It is finally real. One very specific form of gene therapy has been approved by the European drug authorities. Actually, China has allowed some forms of gene therapy since 2003, but regulatory authority in Chinese Healthcare is not as rigorous as other countries.
What exactly constitutes gene therapy. It is a form of treatment for any disease in which a defective gene is replaced by a functional gene through a very a specific protocol. Simply injecting genes or using gold particle coated with gene(s) (units of DNA which code for a protein) is not enough. Genes must be delivered into cells through certain vehicles before they can work properly. Viruses make excellent carriers of genes because of their unique properties of 1) infecting cells and 2) getting gene products to be converted into protein products in an efficient manner.
The US and other countries with active medical research capabilities have been certainly keen to adopt gene therapy in the past. However, as of date, there are currently NO gene therapy approved protocols/nor products in the US. Why? In 2000-2001 the entire human genome was sequenced and we technically at least know all the genes that humans have. So, the issue of the gene itself is solved (theoretically). The problem is in the delivery. How do we get cells (and the right cells in fact) to take up the genes and most importantly convert the gene into a useful product?
That is where viruses come in. The most useful and somewhat safe viral system developed so far is something called the adenovirus. This virus will infect human cells and allow the inserted gene to be converted into useful protein product. Also importantly, the virus itself does not insert the gene into the human genome. In this way the new gene does not disrupt the existing genes or DNA material that is inside the cell.
Sounds good. So what the problem? Well all viruses are pathogens. That means that part of the definition of a virus is that it infects human and has the potential to cause an infection. Secondly, even if it has been modified extensively, it is still a virus and thus a foreign entity or organism. One fundamental tenant of the human immune system is that foreign proteins or entities are immunoreactive. Thus, the human immune system can mount an aggressive response. That response is normal, but can actually kill the patient if strong enough. In fact, that is exactly what happened in a very well publicized gene therapy trial for a teenage boy with a very rare disease (ornithine transcarbamylase deficiency) in 1999, who was killed after mounting a huge immune response against the viral carrier of the gene being replaced. There have been a number of other accidents and failures to various gene therapy trials and the US regulatory authorities have been extremely cautious to grant approval of any new forms of gene therapy.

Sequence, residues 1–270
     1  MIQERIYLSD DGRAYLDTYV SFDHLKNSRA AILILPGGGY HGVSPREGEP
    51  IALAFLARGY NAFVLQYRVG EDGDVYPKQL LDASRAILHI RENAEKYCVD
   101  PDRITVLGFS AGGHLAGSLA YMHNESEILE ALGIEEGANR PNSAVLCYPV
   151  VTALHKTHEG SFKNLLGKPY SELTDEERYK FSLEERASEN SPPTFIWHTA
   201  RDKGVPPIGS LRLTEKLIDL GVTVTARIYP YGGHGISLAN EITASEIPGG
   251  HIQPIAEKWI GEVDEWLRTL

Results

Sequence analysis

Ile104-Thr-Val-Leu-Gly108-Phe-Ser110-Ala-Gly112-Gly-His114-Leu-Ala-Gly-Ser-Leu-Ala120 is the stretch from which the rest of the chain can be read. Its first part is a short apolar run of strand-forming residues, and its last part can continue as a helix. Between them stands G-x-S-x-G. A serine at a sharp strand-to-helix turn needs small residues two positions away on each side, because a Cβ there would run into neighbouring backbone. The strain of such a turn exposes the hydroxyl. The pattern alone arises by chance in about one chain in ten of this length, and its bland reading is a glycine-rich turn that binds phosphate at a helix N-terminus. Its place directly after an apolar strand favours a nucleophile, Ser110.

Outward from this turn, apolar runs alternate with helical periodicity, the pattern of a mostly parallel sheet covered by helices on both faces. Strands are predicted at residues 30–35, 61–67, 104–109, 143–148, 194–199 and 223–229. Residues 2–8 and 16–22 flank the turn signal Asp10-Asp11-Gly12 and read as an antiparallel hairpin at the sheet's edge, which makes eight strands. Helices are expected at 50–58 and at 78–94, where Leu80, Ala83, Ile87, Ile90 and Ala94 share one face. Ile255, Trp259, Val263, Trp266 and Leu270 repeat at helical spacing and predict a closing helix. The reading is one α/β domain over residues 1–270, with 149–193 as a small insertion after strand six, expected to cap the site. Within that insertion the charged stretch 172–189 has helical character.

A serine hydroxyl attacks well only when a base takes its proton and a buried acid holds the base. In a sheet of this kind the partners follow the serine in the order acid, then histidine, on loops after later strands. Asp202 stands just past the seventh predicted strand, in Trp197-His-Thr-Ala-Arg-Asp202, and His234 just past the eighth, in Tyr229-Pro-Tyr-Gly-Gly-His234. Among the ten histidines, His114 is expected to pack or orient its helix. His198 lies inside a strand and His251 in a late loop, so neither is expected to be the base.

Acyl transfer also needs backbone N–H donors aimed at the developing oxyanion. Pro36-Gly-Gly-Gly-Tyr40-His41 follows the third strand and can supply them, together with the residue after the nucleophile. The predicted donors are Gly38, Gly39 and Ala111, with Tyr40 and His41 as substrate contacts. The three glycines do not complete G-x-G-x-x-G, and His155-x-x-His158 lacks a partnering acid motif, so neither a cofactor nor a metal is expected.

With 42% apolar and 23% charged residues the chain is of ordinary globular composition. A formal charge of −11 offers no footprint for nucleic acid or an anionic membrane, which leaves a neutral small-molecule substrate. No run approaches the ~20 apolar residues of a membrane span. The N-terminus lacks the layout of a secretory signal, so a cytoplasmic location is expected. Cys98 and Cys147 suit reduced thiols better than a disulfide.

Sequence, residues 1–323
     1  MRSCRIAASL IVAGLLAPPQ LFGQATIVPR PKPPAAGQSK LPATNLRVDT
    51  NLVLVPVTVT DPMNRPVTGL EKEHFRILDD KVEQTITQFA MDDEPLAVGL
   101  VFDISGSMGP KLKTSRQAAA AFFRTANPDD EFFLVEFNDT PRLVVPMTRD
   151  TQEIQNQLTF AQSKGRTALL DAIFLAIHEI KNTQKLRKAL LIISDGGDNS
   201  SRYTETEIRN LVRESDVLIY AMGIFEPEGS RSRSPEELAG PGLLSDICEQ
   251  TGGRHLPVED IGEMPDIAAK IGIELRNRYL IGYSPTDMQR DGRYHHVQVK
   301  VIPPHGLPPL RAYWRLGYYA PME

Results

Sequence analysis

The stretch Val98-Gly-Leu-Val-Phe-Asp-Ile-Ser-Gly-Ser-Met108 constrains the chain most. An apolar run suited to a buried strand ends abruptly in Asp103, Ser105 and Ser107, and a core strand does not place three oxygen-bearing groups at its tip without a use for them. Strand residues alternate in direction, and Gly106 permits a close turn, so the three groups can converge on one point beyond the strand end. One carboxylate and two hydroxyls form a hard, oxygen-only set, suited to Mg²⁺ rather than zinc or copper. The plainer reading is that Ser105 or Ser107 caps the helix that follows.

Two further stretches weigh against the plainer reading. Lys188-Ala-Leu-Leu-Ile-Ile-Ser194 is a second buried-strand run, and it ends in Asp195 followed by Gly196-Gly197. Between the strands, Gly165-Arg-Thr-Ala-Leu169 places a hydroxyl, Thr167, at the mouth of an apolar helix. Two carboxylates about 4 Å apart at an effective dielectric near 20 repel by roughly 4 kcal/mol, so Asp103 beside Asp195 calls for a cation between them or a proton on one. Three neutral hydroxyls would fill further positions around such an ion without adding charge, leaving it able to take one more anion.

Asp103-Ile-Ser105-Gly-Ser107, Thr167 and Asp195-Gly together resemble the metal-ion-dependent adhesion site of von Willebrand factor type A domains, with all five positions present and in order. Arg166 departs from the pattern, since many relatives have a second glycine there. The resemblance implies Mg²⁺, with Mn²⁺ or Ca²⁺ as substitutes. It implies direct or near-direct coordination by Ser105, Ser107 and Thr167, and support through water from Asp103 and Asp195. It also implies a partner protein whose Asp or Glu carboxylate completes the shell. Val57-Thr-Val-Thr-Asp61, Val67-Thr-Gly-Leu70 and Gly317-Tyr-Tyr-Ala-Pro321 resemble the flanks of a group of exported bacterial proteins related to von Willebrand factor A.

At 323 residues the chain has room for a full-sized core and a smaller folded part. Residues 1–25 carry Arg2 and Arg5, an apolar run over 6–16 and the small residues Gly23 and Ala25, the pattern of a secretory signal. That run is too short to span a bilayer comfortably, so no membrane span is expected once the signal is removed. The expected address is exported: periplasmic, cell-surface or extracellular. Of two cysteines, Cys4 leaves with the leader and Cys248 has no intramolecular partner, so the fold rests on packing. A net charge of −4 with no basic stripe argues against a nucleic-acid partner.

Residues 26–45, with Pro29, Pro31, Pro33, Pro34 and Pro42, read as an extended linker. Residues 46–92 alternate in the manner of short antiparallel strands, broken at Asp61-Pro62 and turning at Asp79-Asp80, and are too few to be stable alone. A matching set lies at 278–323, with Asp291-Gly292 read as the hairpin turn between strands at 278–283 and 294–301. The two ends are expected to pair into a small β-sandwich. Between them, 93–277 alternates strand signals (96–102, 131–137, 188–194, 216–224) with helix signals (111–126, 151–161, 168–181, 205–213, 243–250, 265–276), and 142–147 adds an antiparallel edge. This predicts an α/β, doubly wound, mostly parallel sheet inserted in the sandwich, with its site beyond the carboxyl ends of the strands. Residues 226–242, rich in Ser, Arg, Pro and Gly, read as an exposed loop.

There are over 2000 different types of diseases which are potentially treatable with gene therapy. Generally any deficiency in which a single gene is responsible can be treated with gene therapy. All one technically has to do is make sure that the cell type which carries and produced the defective gene (like the gene responsible for the disease cystic fibrosis) and use gene therapy with a corrected version of the gene that is targeted to that cell using some kind of modified virus. The gene needs to be produced over a long time in order to be effective as a treatment. In the case of this newly approved gene therapy by the company called uniQure Glybera allows for the expression of the new gene that codes for a lipid processing enzyme that is deficient in the patient receiving the treatment. The gene is introduced into the muscle tissue with an adenoviral associated virus (AAV). As the virus does not insert the gene into the human genome itself the gene only lasts in the nucleus of the cells for as long as 12 weeks and seems to minimize the diseases for almost two years. This new therapy relied on a AAV that has been modified to be non-pathogenic, thus not causing disease. So, the parts of the virus that causes disease has been removed, the the parts that allows the virus to act like the virus has been kept (e.g. the viral coat proteins). Only one case of fever (often a result of immune reaction) has been reported so far, thus this new viral vector may indeed hide itself from recognition by the immune system.
So, finally gene therapy gets its share of the limelight. Generally, it takes one successful trial of a certain drug class (in this case gene therapy using AAV) to get other agencies to approve that therapy or to get the same agency to approve of use of that therapy in different disease. In clinical trials at the moment is this type of gene therapy for Parkinson’s disease and others. So, who knows this approval for this one disease may point the way to more approval for other countries and other diseases where single gene replacement is curative.
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- New York Mesothelioma Lawyer from Belluck & Fox, LLP, Hails Milestone in Gene Therapy Treatment (prweb.com)
- Europe backs first gene therapy (bbc.co.uk)
- First commercial gene therapy approved for Europe (wired.co.uk)
- ‘Calm down’ genes treat epilepsy (bbc.co.uk)
- DNA Hacking Is Now Street Legal (fastcompany.com)
- DNA-Based Gene Therapy Delivered Via Ultrasound (info.vgxii.com)